It is a state, which is not recognised by the International Community and which does not have even the slightest intention of asking to be recognised by the same, neither by the UN Security Council, nor by any other institution …

It is a state, which controls and shrewdfully administers its territory. It is a state, which disposes of colossal resources (it appears that the chancelleries of the West have understood: their armies henceforth will target the petrol centres in the hands of the Islamic State… much to the annoyance of Turkey, which benefited so far from this chance and traded with the “terrorists” without any remorse).

But it is a state, which transcends the UN’s concepts: a state without a frontier, which bases itself on the support of thousands of fighters deployed everywhere in the world, as of now officially supported, since the 16th of September, by the Jihadists of Al-Qaeda in the Arabic peninsula (whose historic leader, Ayman al-Zawahiri, the successor of Osama Ben Laden, remains silent after having come forward against the Islamic State), and the Al-Qaeda of the Islamic Maghreb. It is the whole Arab world… the assassination of the French citizen in Algeria, in the days that followed the proclamation of this alliance is certainly not a coincidence.

In the end, the terror attack of the Jewish museum in Brussels was not what the press and the international political sphere had thought: it was neither an anti-Semitic act, nor an isolated act. It was a planned attack by one state against another. There will be others.

The Islamic State is a state, tentacular and underground.

Not within the definition of those comfortably seated in the permanent seats of the UN Security Council, who since more than half a century pull the strings in the “International Community”.

But the UN, in the end, is only an international organisation like any other – no state is obliged to follow or accept its abstractions… by virtue of which “natural law” would it be compelling?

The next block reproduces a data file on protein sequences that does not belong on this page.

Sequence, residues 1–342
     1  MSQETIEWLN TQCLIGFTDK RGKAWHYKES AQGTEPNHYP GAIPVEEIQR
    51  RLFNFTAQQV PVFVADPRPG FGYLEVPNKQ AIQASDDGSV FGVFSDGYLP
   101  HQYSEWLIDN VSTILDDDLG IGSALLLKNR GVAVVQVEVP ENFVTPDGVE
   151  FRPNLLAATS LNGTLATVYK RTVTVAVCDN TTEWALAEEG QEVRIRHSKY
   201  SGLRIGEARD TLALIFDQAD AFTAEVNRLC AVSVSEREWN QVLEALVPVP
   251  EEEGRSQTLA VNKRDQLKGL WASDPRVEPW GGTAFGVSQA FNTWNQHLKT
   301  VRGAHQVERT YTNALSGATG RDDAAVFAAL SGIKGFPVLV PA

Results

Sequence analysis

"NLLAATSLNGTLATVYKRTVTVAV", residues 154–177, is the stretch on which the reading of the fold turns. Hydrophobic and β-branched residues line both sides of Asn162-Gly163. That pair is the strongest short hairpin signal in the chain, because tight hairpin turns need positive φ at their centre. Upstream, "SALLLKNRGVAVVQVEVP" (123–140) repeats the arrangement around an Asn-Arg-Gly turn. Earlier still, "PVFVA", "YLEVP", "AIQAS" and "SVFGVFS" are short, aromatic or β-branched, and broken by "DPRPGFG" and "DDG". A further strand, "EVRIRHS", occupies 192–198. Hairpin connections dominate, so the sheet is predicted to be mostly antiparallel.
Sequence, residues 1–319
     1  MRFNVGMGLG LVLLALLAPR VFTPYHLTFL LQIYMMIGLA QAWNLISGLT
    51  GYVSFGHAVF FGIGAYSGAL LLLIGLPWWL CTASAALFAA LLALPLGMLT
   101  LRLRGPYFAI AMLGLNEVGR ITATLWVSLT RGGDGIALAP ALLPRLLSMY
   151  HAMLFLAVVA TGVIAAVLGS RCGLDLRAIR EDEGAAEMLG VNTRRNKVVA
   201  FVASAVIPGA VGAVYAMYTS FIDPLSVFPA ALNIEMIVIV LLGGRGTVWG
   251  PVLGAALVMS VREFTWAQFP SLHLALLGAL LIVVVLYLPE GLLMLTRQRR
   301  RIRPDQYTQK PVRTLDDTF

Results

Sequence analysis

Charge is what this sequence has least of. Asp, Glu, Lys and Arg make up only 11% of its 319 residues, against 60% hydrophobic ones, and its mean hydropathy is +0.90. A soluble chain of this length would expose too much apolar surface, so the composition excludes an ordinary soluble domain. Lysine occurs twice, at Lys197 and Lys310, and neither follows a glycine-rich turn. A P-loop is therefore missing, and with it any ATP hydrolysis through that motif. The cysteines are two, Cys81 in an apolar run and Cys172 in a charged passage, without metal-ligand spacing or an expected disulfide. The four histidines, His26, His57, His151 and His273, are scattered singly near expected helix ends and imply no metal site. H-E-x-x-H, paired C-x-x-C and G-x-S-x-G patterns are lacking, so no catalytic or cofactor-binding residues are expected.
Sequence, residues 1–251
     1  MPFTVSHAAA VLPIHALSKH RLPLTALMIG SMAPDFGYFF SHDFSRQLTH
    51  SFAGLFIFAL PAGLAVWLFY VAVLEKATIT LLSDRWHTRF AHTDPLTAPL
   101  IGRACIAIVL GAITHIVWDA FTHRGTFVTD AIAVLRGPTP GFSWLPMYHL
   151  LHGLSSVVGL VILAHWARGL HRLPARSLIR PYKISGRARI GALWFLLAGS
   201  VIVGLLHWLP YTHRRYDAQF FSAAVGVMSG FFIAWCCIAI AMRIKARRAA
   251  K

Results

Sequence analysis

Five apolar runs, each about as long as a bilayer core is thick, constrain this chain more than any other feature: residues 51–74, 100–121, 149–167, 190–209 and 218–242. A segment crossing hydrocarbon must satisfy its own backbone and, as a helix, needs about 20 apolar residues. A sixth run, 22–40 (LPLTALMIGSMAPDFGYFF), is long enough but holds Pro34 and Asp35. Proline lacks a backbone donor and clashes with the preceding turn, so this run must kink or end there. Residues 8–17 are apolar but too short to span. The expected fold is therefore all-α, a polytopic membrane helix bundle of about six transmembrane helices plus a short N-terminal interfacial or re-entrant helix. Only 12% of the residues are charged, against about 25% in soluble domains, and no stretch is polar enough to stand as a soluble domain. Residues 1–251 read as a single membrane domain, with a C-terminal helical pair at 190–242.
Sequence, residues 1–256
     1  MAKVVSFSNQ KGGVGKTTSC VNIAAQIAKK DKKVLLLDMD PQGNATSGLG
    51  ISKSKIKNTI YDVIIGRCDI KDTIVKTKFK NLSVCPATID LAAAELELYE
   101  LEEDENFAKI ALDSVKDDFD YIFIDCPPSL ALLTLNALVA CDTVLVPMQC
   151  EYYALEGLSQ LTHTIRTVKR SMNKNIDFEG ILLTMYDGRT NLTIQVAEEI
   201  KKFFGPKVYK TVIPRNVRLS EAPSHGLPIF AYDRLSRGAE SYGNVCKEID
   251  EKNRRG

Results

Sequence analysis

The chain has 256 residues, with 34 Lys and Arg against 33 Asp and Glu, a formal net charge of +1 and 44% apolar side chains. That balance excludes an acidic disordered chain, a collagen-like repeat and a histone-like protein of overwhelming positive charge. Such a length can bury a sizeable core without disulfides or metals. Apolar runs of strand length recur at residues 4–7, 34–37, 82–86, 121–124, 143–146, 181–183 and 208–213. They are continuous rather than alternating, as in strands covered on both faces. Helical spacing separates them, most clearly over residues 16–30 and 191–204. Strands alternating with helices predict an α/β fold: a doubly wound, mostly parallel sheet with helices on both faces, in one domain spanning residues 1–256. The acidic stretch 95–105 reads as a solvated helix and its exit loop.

This Islamic State is recognised by the Ummah, the community of the believers, growing more and more. They recognise the caliphate, simultaneously in the ancient Greek political sense of the “polis” and in the religious sense: men and women united by faith, which becomes a catalyst for a communitarian belonging. The Islamic State exists where those that claim it are.

Facing this threat, which gains ground, the West needs to defend itself. It is legitimate.

But it needs to be done well, that is intelligently. The international coalition constructed by the terrible lovers of the Obama-Hollande couple can only fail. Air strikes may slow down the Islamic State’s progression towards Erbil, Baghdad, Damascus or Amman, Beirut; but they will be powerless against the underground advance of this state of a different kind.

We straightaway realise the weakness of the proposed solution.

Besides, this coalition has pushed aside a necessary power and neglected the weak link of the Islamic State.

The Coalition did not really request participation from one of the major actors in the Syrian and Iraqi crisis: Russia (even Moscow accepted the principle of an action against the IS, remaining however opposed to an intervention in Syria). The Ukraine crisis, resulting from intrigues hatched by Brussels and Washington, always hungry to reach towards the East, has made dialogue and cooperation difficult. But it is known that you cannot have your finger in many pies at once…

This coalition did neither take into account the Sunni populations of Syria and Iraq, of whom the majority never had any vague desires of Jihadism: the Sunnis, in those two countries, do only support the Islamic State out of need – it is the only escape route from the dictatorship of Damascus and the Shia control of Baghdad. They would certainly be able to turn the tables if serious and concrete warranties were proposed to them for the future.

It also is a long war, which begins today – a long-term international conflict.

It is proper to warn those who, from Brussels to New York and from Rabat to Kabul, continue to spend their Sunday (or Friday) afternoon watching “football” on TV and do not know where the Iraqi capital is on a map. They seem not yet to have realised the ambition and the human potential of the Islamic State. Tomorrow, war will come into their lives, at a bus stop or a metro station, not far away.

Without warning…


About Author

Pierre Piccinin da Prata

Historian and Political Scientist - MOC's Founder - Editorial Team Advisor / Fondateur du CMO - Conseiller du Comité de Rédaction